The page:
Garak via pbs
Sat, 13 Mar 2021 11:20:09 PST
Hi Cody,

I'm answering here without the rest of the list, as very few 
Lysimachia-Species fall into the scope of the PBS (then again: L. 
punctata goes completely underground in winter for me, we actually could 
add it....). I know I was being provocative about campanula, and not too 
fair about Lysimachia. I guess I'm more of a splitter than a lumber, I 
like my Genera in tidy little packages - I'm rather unhappy that the 
very good proposals for splitting Iris have'n been recognized, and I'm 
happy with what has happened to Scilla. Of course the paper you linked 
suggests it won't be easy to do such splittings for Lysimachia. Seems to 
be a case of a whole set of bi-stable switch genes, like flower symmetry 
in Moraea. Not a pretty situation (if you are a splitter, that is). I 
wonder if a more diverse set of DNA sequences would help improving the 
branching resolution by making it easier to tell parallel evolution and 
common ancestry apart...

Seems like a story to be continued...


Am 13.03.2021 um 17:35 schrieb Cody H via pbs:
> Martin,
> The real problem with genera like Lysimachia is that (plant) evolution is
> not as simple as we were led to believe. In this case, the former generic
> concept for Lysimachia does not appear to actually map to a coherent
> lineage of plants.
> I’ve attached a screenshot (I hope) from one of the more recent (2008)
> phylogenetic studies on the group that I found with a cursory Google
> scholar search. If anybody knows of a better/more recent one, by all means
> please share it. A link to the study (open access) is here:
> What you can see in the screenshot is that “Lysimachia”—which I am assuming
> represents the species included in the former generic concept—is all over
> the place in the diagram, indicating that these species are (likely) not
> all as closely related to one another as their morphology alone would
> suggest. Another problem is that there is a severe lack of resolution along
> the part of the phylogeny that systematists often refer to as the
> “backbone”—indicated in the diagram by many groups branching from the same
> (long) vertical in the tree, the interpretation of which is “the
> data/analysis are insufficient to clarify the relationships are among these
> various groups”. This is a common problem in groups of organisms that have
> experienced rapid diversification in the distant past, because there is
> often not sufficient time for the signature of the important population
> splitting events to be recorded in the plants’ genetics, and morphology
> (perhaps obviously in this case) usually presents an equally confusing
> story. The take home message here is that all these various genera
> (Lysimachia, Anagallis, Trientalis, etc.) are very unlikely to really be
> the separate lineages we thought they were. More likely, their histories
> and evolutionary relationships interweave in complex ways.
> The vast majority of modern systematists (a.k.a. taxonomists) place high
> value on producing classifications (a.k.a. taxonomy) that are consistent
> with evolutionary history. The most important reason for this is well
> summed up by the title of a famous paper by Dobzhansky, which is “Nothing
> in biology makes sense except in the light of evolution”. Since taxonomic
> classifications provide the structure upon which pretty much all other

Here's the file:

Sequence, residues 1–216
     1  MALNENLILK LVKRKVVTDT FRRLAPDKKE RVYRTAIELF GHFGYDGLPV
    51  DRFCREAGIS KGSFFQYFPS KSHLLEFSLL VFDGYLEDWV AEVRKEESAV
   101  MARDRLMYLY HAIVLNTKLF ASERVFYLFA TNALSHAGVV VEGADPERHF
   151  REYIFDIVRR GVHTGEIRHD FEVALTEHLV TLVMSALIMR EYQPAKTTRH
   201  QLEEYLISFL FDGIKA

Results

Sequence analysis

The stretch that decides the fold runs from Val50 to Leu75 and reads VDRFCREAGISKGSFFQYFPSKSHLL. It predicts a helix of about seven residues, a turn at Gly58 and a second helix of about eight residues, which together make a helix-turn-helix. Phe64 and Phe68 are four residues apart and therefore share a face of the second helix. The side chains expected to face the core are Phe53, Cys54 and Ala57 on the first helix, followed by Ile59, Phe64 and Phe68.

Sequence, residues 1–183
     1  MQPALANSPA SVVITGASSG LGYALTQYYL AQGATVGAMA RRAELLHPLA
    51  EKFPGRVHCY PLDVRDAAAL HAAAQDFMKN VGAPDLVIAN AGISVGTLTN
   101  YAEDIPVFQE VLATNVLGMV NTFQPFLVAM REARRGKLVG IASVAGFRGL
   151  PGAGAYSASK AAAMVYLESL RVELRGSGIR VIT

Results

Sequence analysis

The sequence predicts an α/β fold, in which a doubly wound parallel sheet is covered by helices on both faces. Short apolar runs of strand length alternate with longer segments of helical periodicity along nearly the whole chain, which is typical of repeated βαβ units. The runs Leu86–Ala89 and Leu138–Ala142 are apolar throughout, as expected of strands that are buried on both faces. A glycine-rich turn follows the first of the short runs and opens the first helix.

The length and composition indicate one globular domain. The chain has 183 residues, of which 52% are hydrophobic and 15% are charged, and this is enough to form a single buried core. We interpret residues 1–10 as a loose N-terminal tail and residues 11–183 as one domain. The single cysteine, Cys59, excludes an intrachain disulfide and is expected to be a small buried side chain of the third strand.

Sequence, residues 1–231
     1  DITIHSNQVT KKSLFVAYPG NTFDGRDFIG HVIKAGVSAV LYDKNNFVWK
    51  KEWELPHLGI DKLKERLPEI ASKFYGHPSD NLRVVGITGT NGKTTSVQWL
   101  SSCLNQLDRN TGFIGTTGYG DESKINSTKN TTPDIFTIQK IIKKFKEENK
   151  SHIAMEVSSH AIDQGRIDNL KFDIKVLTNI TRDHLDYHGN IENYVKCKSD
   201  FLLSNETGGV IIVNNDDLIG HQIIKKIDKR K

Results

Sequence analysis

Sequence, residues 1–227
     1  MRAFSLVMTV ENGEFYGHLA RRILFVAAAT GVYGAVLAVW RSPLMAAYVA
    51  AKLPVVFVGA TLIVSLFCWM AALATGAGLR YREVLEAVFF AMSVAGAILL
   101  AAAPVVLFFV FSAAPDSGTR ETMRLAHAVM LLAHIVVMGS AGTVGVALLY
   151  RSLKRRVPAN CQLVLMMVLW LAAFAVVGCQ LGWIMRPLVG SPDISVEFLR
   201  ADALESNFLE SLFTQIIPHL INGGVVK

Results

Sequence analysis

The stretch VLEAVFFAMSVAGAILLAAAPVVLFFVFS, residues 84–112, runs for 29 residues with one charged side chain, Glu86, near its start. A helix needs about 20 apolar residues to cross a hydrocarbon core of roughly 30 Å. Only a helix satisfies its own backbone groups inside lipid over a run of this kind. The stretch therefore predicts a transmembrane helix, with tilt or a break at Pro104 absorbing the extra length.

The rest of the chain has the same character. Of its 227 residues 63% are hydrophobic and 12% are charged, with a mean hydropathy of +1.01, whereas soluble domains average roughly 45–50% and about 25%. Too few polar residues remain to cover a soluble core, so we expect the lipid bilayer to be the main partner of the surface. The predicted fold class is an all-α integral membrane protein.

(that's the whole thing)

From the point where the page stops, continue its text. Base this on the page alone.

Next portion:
> discussions of organisms depend, it makes a lot of sense to try and make
> the classification match the evolutionary history, so that all the
> dependent discussions also make sense. In the case of Lysimachia, lumping
> all those other interwoven genera into a single generic concept presents a
> view that is more consistent with the evolutionary picture that is coming
> into focus.
> I agree that it is inconvenient when the evolutionary history doesn’t match
> familiar morphological concepts, but that is actually the point of the
> reclassification. It removes the veil from the statue, so to speak, and
> opens your eyes to what’s underneath. In this case, I would suggest that
> the most important conclusion is that “Lysimachia” as you thought you knew
> it, isn’t really the same kind of thing as other familiar genera like
> Narcissus or Calochortus or Galanthus (which to my knowledge, do correspond
> to coherent lineages). In reality, the story of Lysimachia is likely much
> more complex and nuanced than you were led to believe. The reclassification
> is just the mechanism by which systematics has clarified that reality.
> That said, classifications are constantly evolving as new data and analyses
> continue to improve our understanding of the evolutionary history of life
> on earth. Based on the papers I saw, the classification of Lysimachia is
> far from complete. Maybe the next breakthrough in this group will vindicate
> some of your misgivings about the current one. Either way, I think these
> kinds of taxonomic stories are fascinating, since they do such an
> outstanding job of illustrating how much we still have to learn about
> evolution and plant diversity.
> And, Campanula is a mess, isn’t it? If only the main problem faced by
> systematists these days was too much time on their hands. (If it were, I
> might still be one.) Unfortunately, not enough funding (or time for that
> matter) is more of an issue. But considering that it took hundreds of
> millions of years for all this diversity to evolve in the first place, I
> suppose we are doing alright for having been studying it for only a few
> thousand.
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Martin (pronoun: he)
Southern Germany
Likely zone 7a

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